SPEEDWAY driver Martin Hawson could be described as the ‘Clark Kent’ of the race track given his day job, which sees him performing the mild mannered role of CEO with Mildura Rural City Council.

Come the weekend, off comes the business suit which is replaced with a racing car driver’s suit as Hawson heads for the speedway track, where he can let of some steam and release some of the stress of his busy week at work.

“Well, I don’t think there’s too many local government CEOs racing Speedway,” he said.

“It’s a totally different setting and getting that balance between racing and your day job, is really important.

“And a lot of it is also related to the fact that you’ve got really good friends and people you associate with not just in Mildura, but right across the country, which I really enjoy.

“You’re racing in a lot of different places and get to know people all around Australia.

“That’s all part of it and you’ve got to have that recreational time and break away from work and this provides a really good break from that.”

After his recent win in a South Australian Speedway Title in Waikerie, the Weekly spoke to Hawson about his love of car racing and was asked how he became involved in motor sport.

“My dad was pretty keen and into speedway,” Hawson said.

“Throughout the 70s and 80s, he had a lot to do with the speedway club and I just grew up with it basically.

“And so I saw a lot of drag racing here.”

Hawson races a fuel injected, V6, VY Commodore.

“I race in a class they call Modified Sedans,” he said.

“The engine is pretty well modified.

“Basically, it’s just got to look visually standard, but apart from that you can pretty much do as much work on the engine as you like.

“It’s got a custom exhaust and runs a MoTeC computer and so it’s all computerized and it’s probably one of the most competitive classes in Australia in Speedway.

“We’ve got a lot of really good drivers locally and so it’s a pretty competitive class.

“We race on dirt tracks and Timmis Speedway is probably one of the better tracks we race on.

“The race I won was in Waikerie in South Australia, and that’s a clay track.

“It’s a bit smaller than Mildura but it’s a pretty good track.

Hawson said his win in Waikerie two weeks ago wasn’t the first time he’d been on the winner’s podium over there.

“We had a pretty good run through the heats,” he said.

“We got two seconds and a third and fellow Mildura driver Dave Smith had two wins and so he had a pretty good run as well.”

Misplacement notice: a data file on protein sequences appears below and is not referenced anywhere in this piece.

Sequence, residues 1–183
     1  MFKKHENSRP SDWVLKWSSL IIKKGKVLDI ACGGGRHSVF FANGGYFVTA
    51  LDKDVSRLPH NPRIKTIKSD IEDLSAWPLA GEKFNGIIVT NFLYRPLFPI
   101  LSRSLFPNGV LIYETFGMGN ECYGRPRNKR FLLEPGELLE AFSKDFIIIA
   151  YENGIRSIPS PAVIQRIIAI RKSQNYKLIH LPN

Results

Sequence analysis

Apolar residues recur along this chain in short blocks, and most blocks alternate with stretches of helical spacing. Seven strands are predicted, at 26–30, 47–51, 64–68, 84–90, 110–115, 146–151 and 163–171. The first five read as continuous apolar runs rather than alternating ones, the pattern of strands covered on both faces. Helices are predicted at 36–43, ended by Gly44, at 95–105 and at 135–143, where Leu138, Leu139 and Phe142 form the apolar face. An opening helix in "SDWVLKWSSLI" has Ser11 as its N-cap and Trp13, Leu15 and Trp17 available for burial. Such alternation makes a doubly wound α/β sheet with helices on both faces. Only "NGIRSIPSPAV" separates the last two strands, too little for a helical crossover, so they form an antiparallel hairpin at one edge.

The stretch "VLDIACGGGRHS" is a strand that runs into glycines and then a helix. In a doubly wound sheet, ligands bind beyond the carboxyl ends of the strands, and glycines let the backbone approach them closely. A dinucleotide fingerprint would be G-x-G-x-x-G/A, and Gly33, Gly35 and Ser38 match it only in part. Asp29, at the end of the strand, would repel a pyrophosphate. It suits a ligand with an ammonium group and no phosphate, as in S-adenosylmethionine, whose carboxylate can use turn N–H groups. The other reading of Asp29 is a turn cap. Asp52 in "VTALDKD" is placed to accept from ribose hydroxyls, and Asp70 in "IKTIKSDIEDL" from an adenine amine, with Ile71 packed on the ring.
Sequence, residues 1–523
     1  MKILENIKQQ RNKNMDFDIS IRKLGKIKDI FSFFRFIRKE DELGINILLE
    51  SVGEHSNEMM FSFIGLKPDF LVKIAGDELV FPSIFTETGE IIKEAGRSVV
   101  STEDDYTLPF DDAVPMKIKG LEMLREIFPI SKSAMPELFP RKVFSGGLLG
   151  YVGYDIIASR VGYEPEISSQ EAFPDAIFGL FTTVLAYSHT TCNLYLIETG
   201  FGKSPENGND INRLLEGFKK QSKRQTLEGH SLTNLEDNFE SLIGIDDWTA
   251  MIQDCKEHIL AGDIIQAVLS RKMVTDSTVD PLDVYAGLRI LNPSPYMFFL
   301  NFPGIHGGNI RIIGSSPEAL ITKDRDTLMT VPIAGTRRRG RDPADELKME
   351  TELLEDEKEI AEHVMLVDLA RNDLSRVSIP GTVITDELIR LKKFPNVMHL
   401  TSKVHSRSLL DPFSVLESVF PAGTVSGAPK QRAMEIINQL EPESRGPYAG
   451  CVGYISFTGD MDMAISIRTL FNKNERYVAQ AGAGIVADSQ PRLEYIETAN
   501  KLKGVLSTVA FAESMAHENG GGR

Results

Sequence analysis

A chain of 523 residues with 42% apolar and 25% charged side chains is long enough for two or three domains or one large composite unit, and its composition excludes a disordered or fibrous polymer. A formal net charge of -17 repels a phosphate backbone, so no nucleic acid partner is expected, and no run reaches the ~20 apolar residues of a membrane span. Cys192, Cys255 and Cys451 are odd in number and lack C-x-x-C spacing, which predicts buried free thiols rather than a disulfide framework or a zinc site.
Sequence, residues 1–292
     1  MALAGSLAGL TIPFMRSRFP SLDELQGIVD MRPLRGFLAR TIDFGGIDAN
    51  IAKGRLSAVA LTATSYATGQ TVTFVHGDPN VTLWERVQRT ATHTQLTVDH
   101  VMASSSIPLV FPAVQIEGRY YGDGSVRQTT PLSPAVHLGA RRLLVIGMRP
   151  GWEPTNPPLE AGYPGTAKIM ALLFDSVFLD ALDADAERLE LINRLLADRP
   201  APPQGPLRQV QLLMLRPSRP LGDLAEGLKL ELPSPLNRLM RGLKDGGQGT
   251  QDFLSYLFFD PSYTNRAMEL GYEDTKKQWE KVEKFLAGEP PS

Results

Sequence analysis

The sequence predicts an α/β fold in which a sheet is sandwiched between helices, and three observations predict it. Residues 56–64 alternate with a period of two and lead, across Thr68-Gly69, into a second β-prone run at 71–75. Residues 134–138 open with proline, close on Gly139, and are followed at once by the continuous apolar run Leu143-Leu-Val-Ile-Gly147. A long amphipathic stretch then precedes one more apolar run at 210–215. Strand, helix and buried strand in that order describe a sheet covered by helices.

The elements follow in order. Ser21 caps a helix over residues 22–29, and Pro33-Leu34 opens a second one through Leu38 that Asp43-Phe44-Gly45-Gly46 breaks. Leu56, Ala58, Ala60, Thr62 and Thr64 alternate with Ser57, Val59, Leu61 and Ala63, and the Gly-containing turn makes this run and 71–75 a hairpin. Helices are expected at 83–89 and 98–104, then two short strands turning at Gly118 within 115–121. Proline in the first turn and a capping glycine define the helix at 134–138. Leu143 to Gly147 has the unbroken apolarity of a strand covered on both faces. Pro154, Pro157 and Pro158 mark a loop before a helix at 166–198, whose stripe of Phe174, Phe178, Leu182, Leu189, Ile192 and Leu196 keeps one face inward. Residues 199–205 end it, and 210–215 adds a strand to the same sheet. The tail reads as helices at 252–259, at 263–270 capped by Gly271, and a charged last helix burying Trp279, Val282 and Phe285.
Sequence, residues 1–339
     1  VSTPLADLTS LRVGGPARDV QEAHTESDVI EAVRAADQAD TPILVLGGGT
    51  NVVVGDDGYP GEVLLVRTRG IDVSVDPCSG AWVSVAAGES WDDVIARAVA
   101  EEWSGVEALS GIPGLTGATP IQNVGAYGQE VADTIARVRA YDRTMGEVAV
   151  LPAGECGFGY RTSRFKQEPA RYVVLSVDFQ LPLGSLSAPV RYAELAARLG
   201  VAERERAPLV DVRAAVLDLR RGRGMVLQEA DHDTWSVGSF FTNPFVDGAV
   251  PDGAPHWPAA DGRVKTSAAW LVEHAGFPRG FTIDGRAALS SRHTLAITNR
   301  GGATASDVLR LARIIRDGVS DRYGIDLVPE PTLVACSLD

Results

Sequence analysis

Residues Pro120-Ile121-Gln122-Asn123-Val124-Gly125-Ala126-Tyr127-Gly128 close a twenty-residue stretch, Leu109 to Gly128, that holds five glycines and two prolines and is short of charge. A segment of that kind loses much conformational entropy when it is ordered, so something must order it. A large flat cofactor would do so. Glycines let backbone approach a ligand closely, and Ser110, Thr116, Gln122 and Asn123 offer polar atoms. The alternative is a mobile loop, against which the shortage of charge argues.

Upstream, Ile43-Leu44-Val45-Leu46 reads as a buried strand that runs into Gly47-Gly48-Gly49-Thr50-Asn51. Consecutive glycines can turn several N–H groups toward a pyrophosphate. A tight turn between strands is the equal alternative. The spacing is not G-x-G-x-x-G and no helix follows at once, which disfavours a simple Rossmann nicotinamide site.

Smith blew an engine in the last heat which put his car out for the rest of the night.

Demonstrating the comradery between drivers, Mildura father and son Travis and Will Shore allowed Smith to drive their car for the final, but it did mean that Smith had to start rear of field.

Hawson said had Smith not encountered engine trouble, and been able to compete in his own car for the final from his earned final position, he would have been the one to beat.

“We started on the outside pole in the final and we got the jump at the start and we’re able to lead the race for the 30 laps,” Hawson said.

“It was a flag to flag race and so there were no stoppage.

“So that was good.

“We had a pretty good run through the ‘traffic’ in the final and ended up taking the Title.”

Fellow Mildura racers Wade McCarthy and Ty Galley finished third and fourth respectively, while Smith drove all the way from the back of the field to fifth.

Hawson said he has had seven or eight podium finishes in South Australian Titles in the past.

“I have had a reasonably good run in the South Australian Titles, but titles are really hard to win,” he added.

“And they’re hard to place in, because the class is pretty competitive – it is pretty hard to win titles.

“As it eventuated things fell into place and we had a good run through the heats and the final planned out pretty well.

“It is a very much a team sport, and you get a lot of help from lot of people and of course our sponsors who make it all possible.

“You usually win the races in the shed before you get to the meeting.

“So, there’s a lot of preparation, making sure the car’s right to perform on the night.”